Jan. 2, 2006 From the time she was 6 years old, singing was a major part of K'misha-Victoria Counts' life.
It was a talent that "blossomed" and led Counts, now 18, to the crown in the V.I. Carnival Queen Competition and earned her the title of Ms. Best Talent in the 2005 Miss World Competition.
"I've been singing since elementary school," Counts said Monday afternoon as she remembered participating in a talent show at the V.I. Montessori School. "It was my first time performing before a crowd."
The performance became the first of several for Counts. Though she did not grow up in a house with a musical ensemble her dad, Richard, is the director of marketing at Caribbean Lottery; her mom, Denise, is an attorney with the Justice Department; and her brother Richard II, is an engineering major at the University of Arizona Counts found herself enthralled with music.
"My father used to sing a little when he was in high school," Counts admitted, "but I'm the only one who sings, really."
From that first talent show at Montessori School and with the help of private voice lessons and choir classes at the Charlotte Amalie High School, Counts went on to various other performances, earning some titles on the way. While at CAHS, she formed a trio with two other high school students, and performed at the Ritz-Carlton Hotel in the summer of 2002. She won the Hal Jackson Talented Teen Competition in 2003 and also performed in Starfest 2003 and 2004.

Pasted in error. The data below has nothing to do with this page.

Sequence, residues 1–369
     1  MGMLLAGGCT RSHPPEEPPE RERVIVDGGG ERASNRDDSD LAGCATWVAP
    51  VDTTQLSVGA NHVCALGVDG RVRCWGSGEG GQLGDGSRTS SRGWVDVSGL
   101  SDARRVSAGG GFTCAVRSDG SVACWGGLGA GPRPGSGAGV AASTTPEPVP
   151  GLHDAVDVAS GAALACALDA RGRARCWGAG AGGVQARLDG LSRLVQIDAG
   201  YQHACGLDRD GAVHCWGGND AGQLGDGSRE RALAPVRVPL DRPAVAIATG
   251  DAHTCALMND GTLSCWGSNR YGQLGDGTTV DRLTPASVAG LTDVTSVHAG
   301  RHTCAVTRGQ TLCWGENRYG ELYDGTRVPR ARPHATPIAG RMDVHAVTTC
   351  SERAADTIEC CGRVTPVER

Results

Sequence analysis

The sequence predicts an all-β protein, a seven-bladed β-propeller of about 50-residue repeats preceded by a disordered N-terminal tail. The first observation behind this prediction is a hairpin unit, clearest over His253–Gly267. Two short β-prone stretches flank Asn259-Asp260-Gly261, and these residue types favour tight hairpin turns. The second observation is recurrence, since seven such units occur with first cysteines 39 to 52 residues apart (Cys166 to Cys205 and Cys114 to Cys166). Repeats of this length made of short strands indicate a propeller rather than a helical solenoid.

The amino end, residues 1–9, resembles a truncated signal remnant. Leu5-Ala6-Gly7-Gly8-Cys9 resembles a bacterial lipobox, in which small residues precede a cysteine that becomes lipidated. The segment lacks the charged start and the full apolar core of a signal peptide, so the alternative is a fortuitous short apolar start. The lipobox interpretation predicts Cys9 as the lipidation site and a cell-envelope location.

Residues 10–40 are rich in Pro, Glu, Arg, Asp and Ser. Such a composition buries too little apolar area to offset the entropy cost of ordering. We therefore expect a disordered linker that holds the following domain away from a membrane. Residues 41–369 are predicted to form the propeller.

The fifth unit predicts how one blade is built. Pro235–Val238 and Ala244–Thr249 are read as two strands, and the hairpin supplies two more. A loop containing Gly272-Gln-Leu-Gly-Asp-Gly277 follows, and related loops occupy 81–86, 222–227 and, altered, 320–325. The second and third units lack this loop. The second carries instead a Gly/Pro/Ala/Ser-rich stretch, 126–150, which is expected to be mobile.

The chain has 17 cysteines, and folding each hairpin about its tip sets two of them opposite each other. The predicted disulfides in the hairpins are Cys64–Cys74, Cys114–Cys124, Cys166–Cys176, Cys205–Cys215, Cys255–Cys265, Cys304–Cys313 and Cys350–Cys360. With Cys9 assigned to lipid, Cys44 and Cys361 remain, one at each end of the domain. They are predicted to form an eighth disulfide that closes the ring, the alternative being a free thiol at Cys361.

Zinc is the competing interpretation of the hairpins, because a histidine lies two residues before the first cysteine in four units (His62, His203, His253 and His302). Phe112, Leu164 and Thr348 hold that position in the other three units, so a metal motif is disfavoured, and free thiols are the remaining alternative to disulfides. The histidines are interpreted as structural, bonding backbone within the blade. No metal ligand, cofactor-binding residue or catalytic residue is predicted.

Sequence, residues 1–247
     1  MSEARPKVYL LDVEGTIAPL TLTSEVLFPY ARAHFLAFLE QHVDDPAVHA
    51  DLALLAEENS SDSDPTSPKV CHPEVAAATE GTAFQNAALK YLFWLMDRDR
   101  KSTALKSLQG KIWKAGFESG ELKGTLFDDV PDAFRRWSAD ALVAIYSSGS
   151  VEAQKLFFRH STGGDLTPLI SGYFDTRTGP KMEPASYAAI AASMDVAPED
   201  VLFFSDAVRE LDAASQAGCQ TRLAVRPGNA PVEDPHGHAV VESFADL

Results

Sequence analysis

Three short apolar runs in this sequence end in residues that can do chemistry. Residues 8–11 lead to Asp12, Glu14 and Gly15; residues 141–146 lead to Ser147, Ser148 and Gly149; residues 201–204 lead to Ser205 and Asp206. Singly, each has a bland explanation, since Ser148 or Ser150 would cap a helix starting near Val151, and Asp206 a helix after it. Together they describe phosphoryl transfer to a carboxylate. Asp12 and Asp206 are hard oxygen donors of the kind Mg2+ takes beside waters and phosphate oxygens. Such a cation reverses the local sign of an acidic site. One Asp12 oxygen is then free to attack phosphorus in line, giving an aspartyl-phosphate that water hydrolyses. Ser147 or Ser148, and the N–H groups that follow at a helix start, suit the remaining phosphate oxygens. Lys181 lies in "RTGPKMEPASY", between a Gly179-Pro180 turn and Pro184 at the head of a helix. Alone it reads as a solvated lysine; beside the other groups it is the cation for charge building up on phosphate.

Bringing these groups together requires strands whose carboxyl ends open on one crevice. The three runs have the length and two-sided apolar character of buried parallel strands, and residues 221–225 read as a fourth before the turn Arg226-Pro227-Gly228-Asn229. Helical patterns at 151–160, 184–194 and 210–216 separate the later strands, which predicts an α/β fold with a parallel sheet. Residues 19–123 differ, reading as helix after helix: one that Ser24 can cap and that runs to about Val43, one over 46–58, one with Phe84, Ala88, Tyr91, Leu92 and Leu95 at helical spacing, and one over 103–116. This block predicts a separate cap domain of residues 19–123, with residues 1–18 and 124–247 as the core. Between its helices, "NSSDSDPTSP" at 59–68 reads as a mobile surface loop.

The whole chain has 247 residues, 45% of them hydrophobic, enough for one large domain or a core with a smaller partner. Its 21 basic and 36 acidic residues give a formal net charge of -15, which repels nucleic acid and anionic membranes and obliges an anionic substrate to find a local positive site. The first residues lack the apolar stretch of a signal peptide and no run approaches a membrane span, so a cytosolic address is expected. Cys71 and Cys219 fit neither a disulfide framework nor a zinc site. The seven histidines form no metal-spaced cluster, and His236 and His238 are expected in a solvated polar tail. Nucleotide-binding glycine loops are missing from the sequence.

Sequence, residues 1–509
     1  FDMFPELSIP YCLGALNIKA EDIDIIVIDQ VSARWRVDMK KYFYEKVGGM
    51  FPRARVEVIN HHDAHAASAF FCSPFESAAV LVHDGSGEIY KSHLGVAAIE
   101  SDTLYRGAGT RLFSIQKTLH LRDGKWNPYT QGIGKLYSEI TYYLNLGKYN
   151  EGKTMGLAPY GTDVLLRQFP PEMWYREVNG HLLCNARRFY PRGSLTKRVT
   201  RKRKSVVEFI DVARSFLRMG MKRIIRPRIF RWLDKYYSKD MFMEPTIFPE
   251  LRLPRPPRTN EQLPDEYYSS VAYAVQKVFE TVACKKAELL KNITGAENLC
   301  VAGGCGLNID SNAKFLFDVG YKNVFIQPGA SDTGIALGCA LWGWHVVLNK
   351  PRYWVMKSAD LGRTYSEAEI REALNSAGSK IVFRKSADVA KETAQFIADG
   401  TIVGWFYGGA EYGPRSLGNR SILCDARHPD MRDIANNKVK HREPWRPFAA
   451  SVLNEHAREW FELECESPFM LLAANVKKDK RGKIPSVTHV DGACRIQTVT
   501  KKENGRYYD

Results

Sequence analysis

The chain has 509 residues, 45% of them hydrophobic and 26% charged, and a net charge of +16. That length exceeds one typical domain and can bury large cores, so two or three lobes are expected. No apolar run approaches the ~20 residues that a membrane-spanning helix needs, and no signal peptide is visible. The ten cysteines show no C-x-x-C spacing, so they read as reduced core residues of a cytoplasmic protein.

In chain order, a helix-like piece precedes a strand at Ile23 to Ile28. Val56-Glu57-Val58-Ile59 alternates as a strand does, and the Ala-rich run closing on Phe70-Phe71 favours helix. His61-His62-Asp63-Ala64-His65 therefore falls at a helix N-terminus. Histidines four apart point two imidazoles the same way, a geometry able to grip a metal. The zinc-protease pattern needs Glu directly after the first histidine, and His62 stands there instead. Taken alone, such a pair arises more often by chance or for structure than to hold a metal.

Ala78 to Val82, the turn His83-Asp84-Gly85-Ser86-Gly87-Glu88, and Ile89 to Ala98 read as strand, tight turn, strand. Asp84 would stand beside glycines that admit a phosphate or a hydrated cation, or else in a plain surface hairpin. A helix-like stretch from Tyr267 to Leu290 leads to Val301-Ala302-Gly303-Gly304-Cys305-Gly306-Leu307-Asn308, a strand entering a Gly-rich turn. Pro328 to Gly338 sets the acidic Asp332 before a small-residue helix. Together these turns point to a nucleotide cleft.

In 2005, Counts outperformed four other contestants to be crowned Miss V.I. Carnival Queen. But by far, her favorite competition was the 2005 Miss World Competition. Although she did not win, Counts wowed the audience with her rendition of Whitney Houston's "I Will Always Love You" and won the best talent title.
"It was a culturally enriching experience because I got to meet people from all over the world," Counts said, adding she did not allow the language barriers to prevent her from making friends.
She said she was proud to represent her country while in China and to display her talents to a diverse group. She has now set her sights on achieving even better things.
"My goal is to become a singer/songwriter and hopefully be a music executive of my own recording company later in life," Counts said.
The recent CAHS graduate is now in her first year at the Berklee College of Music in Boston, Mass., working towards that goal.
"When I touch people with my music," Counts said, "that's the most important thing to me."
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